The most vile homebrew I ever drank was decades ago when I was a student in Dunedin. My flatmates brewed up a batch which they aptly named “Ralph”. I’m pretty sure I did just that, but not before (so it is alleged) I danced … to Marillion!
Dirty deeds, Dundas Street. Ah, those were the days. 🙂
Some homebrew I’ve drunk in more recent years rivals all but the best commercial craft beers.
All hail FLAWHB! 🙂
This was in local rag the Northern Courier recently.
Residents’ Associations say the dangers of homebrew, highlighted by a recent death, are that you don’t know the alcohol content of the drinks and say the drinking culture of pre-loading before events is a big issue that needs to be addressed.
This is the first time I remember that the purported dangers of homebrew have been sensationalised in the media, but I’m sure it won’t be the last.
This is also a vivid illustration of the Law of Unintended Consequences. The only reason that homebrew beer is gaining popularity is because beer in supermarkets is being priced out of affordability by the wowsers in government. What on earth did they think would happen when beer drinkers are being asked to fork out $20 for a six-pack of Macs or Monteiths?
Pre-loading is an established custom. Who can afford to get drunk on $7 handles of Tui? Who would even want to?
The Pauatahanui Residents Association Chairperson says the danger in homebrew is that you don’t what you are drinking.
“You don’t know if they have mixed methanol into it,” says Alan Gray.
What you mean ‘they’, white man?
Oh, you’re not talking about my flatmates. You’re talking about the bootleggers in the gang house down the road. Do they collect excise tax? No. Do they ask for ID from anyone who looks under the age of 35? No.
The toxic substance, which is sometimes added to drinks to make them more alcoholic, has killed many people overseas he says.
We’re a bit behind India and the rest of the world, but the incentives to produce bootleg liquor locally grow ever greater by the day.
It is not known if methanol is a factor in the death of a teenage student who died after drinking homebrewed spirits in Auckland recently.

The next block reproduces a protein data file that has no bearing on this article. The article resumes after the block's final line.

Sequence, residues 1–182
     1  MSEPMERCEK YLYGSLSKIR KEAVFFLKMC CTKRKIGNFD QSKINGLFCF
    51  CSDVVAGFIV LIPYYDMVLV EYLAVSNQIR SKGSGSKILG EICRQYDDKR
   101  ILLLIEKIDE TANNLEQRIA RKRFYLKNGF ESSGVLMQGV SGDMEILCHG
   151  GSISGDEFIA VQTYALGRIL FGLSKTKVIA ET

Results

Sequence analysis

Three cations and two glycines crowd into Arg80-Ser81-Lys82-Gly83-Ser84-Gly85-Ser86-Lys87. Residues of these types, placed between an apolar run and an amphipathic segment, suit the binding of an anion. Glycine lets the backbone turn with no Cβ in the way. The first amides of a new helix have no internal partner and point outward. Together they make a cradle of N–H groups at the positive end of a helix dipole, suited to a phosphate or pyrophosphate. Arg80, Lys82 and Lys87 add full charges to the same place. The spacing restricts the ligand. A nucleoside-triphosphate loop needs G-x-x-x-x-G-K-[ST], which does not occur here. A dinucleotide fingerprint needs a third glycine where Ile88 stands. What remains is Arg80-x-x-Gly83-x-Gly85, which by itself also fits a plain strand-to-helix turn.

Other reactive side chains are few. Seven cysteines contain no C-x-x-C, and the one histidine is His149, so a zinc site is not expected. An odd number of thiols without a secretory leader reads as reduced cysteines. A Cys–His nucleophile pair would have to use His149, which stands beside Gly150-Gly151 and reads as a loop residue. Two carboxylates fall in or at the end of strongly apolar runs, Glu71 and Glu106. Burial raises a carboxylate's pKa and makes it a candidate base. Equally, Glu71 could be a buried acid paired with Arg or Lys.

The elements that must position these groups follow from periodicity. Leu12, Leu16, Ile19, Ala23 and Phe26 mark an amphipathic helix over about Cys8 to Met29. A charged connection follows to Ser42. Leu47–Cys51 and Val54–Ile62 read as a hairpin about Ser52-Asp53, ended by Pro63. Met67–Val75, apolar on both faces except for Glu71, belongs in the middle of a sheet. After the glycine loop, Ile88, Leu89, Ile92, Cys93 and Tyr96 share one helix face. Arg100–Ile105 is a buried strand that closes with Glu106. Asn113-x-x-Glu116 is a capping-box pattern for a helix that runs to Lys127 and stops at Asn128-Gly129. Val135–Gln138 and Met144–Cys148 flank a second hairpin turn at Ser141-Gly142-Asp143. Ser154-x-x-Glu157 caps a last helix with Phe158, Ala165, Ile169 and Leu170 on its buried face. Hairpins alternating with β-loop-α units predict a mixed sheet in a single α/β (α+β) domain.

No, but let’s mention it anyway, to scare the crap out of the usual hand-wringers who are now primed to cry out, “The government should do something!”
Mr Gray says it is lifestyle choice for those who choose to consume homebrew and he does not know how Police could enforce any laws or regulations around it.
Paremata Residents’ Association Chairperson Terry Knight says there is no way to protect people from themselves, as “there are plenty of idiots out there”.
At least the President of my Residents’ Association is sane. You can’t legislate away stupidity.
Normandale Residents’ Association President Peter Matcham agrees there is a drinking culture which is the root of the problem.
“They want to get smashed out of their heads, whether it is by drinking home brew or RTDs,” he says.
“They think it is cool.”
Getting totally hammered is cool at weddings. 🙂
He says there is no easy answers as how to curb the issues around young people and their drinking habits, but suggests that being drunk in a public space should become an offence.
What a fascist. It’s already an offence to be drunk and disorderly.
An Auckland teenager, Tyson Devon, 18, was drinking homebrewed spirits with friends in Rosehill, South Auckland, on Saturday afternoon when he died.
Tyson had passed out after ‘pre-loading’ on homebrew in anticipation for the birthday party he was suppose to be attending later that day.
RIP Tyson Devon.